In our series Our Movement Monday, we talk with Texans across our state about their work and the challenges facing their communities.
Today is Founders Day for the NAACP. The fight for civil rights continues to transform our nation. We are forever thankful for the hard work and sacrifices of the NAACP and their members.
To honor NAACP Founders Day, we sat down with Yannis Banks, former Legislative Liaison of the Texas NAACP.
Yannis Banks is currently a Community Involvement Specialist with Capital Metro. Before that he worked for the Texas NAACP as their Legislative Liaison for 10 years. As the Legislative Liaison, Mr. Banks attended meetings & hearings during the legislative session advocating for the views of the African American community on issues like public education, higher education, payday lending, criminal justice, juvenile justice and many more.
Thank you for taking the time to be a part of Our Movement Monday. As you know, today is NAACP Founders Day. Can you tell our readers about the NAACP and y’all’s mission?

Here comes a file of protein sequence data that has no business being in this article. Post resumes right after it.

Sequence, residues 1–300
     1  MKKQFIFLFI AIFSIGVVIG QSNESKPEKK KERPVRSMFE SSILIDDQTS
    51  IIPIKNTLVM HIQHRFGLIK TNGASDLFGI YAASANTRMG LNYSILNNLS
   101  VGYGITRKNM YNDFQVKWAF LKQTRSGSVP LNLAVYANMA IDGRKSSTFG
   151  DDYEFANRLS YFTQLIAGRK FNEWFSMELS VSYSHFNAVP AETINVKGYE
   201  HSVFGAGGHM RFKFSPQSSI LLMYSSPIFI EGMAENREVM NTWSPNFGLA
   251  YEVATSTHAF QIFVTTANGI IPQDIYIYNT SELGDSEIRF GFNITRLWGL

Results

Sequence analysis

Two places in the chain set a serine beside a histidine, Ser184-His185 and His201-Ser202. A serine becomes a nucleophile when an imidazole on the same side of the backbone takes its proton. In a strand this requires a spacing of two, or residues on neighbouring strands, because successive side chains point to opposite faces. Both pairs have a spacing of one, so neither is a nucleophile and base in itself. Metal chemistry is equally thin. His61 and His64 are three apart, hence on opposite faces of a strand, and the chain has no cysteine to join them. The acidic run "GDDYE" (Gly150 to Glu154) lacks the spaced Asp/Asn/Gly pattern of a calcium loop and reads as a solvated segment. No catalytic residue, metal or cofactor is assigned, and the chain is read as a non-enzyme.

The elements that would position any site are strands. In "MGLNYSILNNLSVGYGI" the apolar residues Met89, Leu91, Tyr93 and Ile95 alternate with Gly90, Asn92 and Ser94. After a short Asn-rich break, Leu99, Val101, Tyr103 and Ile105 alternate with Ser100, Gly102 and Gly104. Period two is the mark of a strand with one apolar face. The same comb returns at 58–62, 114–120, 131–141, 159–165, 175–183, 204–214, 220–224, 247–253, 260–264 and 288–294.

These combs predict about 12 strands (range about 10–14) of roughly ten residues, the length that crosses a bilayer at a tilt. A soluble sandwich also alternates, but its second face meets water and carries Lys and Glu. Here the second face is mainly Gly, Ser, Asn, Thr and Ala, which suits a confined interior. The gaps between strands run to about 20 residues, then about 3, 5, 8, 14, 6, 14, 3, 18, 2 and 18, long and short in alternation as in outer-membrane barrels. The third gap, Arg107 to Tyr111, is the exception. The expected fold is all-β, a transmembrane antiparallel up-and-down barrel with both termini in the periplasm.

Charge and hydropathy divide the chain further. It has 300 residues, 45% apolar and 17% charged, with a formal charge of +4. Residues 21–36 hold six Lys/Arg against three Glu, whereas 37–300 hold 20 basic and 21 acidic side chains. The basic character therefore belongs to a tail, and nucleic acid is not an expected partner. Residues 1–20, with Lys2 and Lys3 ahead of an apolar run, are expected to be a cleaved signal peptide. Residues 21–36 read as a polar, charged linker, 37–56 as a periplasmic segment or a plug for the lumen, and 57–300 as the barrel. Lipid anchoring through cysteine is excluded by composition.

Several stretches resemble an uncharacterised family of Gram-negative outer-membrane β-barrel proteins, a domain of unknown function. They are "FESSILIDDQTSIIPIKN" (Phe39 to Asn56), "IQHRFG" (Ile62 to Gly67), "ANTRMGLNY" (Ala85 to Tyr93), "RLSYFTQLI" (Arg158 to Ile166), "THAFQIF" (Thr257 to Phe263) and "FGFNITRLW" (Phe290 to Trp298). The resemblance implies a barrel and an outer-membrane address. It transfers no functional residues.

Yannis Banks: The NAACP is the nation’s oldest and largest grassroots-based civil rights organization. Our mission is to fight for the political, educational, social and economic equality for communities of color.
We have made great strides since our founding in 1909. Yet, we have not reached the point in our legal system where justice is available to all, where every voter has equal access to the ballot box, and where every student receives a quality public education.
Tell us more about Texas NAACP and your work to protect voting rights and expand access to the ballot box?